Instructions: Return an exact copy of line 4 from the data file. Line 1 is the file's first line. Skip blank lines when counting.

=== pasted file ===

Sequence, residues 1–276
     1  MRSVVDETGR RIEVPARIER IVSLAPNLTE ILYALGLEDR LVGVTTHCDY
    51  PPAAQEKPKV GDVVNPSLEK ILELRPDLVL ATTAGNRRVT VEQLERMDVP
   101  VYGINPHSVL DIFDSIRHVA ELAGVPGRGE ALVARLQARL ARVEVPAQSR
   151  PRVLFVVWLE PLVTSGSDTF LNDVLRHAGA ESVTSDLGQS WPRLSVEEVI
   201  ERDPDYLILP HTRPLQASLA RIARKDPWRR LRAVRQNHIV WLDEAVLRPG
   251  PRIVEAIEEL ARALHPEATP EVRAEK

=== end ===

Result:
   101  VYGINPHSVL DIFDSIRHVA ELAGVPGRGE ALVARLQARL ARVEVPAQSR